Our samples are drill cores from Izena Hole and cores and chimneys from Iheya North Knoll in the middle Okinawa Trough (Fig. 1A). Izena Hole (Fig. 1B) has two hydrothermal sites: the JADE site on the northeastern caldera slope (Halbach et al., 1989; Ishibashi et al., 2015) and the Hakurei site on the southern caldera floor (Ishibashi et al., 2015; Totsuka et al., 2019; Morozumi et al., 2020). Iheya North Knoll (Fig. 1C) has three such sites: the Original, Natsu, and Aki sites (Nakamura et al., 2015). All five sites are active hydrothermal sites where the temperature of the hydrothermal fluid effluence exceeds 300 °C. The tectonics, geology, mineralization, and geochemistry of each hydrothermal field were reviewed by Ishibashi et al. (2015).

At Izena Hole, cores were obtained during D/V Chikyu Expedition 909 at the Hakurei site, from Hole C9027B on Northern mound and from Hole C9025A east of Northern mound and associated with a subseafloor sulfide body beneath the sediment (Figs. S1 and S2 and Tables S1–S3 in the Supplemental Material1) (Nozaki et al., 2018; Totsuka et al., 2019). At Iheya North Knoll, cores were drilled during IODP Expedition 331 at the Original site at Hole C0016B on the eastern flank of North Big Chimney mound (Figs. S1 and S3; Tables S1–S3) (Takai et al., 2011; Yeats et al., 2017). Young and infant chimneys at Holes C0016A and C0016B formed after the drilling operation at artificial hydrothermal vents (i.e., drill holes releasing hydrothermal fluid). Samples from these chimneys, which allow secular changes of mineral precipitation (chimney formation) and hydrothermal fluid geochemistry to be observed and in situ experiments to be conducted (Takai et al., 2011; Kawagucci et al., 2013), were collected 5, 11, and 18 months after the IODP Expedition 331 drilling during JAMSTEC research cruises KY11-02 Leg 3 (R/V Kaiyo), NT11-16 (R/V Natsushima), and NT12-06 (R/V Natsushima), respectively. Their petrographic and geochemical details are given by Nozaki et al. (2016).

Under the microscope, pyrite grains from the Hakurei site exhibit various textures (Fig. 2). In pumice fragments and in a sulfidic vein in the hanging wall above the subseafloor sulfide body, most pyrite has a framboidal texture and is accompanied by pyrrhotite pseudomorphs replaced by pyrite and marcasite (Fig. 2A). The framboidal pyrite is commonly overgrown by colloform and euhedral pyrite associated with sulfide maturation (Figs. 2B and 2C). This progression from framboidal to colloform and euhedral texture has also been reported in VMS deposits (Piercey, 2015; Velasco-Acebes et al., 2019). In drill cores from the Original site, paragenesis of framboidal and euhedral pyrite is observed in thin section (Fig. 2D), where framboidal pyrite is commonly replaced by chalcopyrite and galena, indicating that framboidal pyrite formed at an initial stage of sulfide mineralization (Halbach et al., 1993; Piercey, 2015). Chimneys from the Original site exhibit two distinct pyrite textures, colloform and/or spherical on the outer side and euhedral and/or acicular on the inner side (Figs. 2E and 2F).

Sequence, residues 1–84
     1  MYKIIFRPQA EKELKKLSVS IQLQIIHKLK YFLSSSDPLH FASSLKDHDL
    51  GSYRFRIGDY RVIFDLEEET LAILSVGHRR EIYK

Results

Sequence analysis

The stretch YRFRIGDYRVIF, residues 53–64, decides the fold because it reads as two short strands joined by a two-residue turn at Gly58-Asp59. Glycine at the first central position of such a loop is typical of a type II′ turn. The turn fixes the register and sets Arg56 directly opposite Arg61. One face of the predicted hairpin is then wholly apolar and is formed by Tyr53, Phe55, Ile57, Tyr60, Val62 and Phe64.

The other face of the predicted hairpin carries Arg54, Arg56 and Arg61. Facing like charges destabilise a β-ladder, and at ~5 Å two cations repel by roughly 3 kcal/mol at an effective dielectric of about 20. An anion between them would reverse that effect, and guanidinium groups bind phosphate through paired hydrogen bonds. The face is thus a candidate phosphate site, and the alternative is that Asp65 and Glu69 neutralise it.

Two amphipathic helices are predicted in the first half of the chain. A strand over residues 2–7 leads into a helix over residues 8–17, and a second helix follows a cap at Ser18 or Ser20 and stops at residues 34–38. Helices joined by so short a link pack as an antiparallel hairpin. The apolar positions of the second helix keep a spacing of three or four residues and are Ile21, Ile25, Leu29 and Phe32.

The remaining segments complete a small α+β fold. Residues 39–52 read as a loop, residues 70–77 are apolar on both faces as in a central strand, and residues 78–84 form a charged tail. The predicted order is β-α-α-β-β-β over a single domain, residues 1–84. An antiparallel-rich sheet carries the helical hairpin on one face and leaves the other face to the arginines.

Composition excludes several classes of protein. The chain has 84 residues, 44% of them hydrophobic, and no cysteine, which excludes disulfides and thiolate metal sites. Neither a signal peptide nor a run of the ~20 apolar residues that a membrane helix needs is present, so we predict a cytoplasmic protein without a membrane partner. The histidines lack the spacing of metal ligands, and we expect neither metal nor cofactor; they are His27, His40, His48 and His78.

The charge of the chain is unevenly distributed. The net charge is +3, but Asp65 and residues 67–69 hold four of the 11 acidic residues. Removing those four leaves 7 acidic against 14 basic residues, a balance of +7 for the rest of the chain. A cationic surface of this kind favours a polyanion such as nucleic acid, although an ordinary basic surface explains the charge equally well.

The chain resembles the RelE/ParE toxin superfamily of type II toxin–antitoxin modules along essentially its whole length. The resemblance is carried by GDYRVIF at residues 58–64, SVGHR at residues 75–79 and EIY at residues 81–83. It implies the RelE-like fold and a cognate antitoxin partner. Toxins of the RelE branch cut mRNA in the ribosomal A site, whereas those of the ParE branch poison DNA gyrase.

ANALYTICAL METHODS

In situ δ34S analysis was performed by SIMS (CAMECA IMS1280-HR) at the Kochi Institute for Core Sample Research, JAMSTEC (Nankoku, Japan). A primary 133Cs+ ion beam with an intensity of 100 pA and total impact energy of 20 kV was focused to 2–3 μm in diameter at the sample surface. A gold coat ∼30 nm thick was applied to the sample surface, and a normal-incidence electron gun was used for charge compensation. Secondary ions of two sulfur isotopes were accelerated at 10 kV and detected simultaneously by two Faraday cup (FC) detectors with 1011 Ω amplifiers (L1 for 32S and optically axial FC2 for 34S). The entrance slit width was set at 61 μm. The exit slit widths were set at 500 and 243 μm for L1 and FC2, corresponding to a mass-resolving power of ∼2200 and ∼5000, respectively.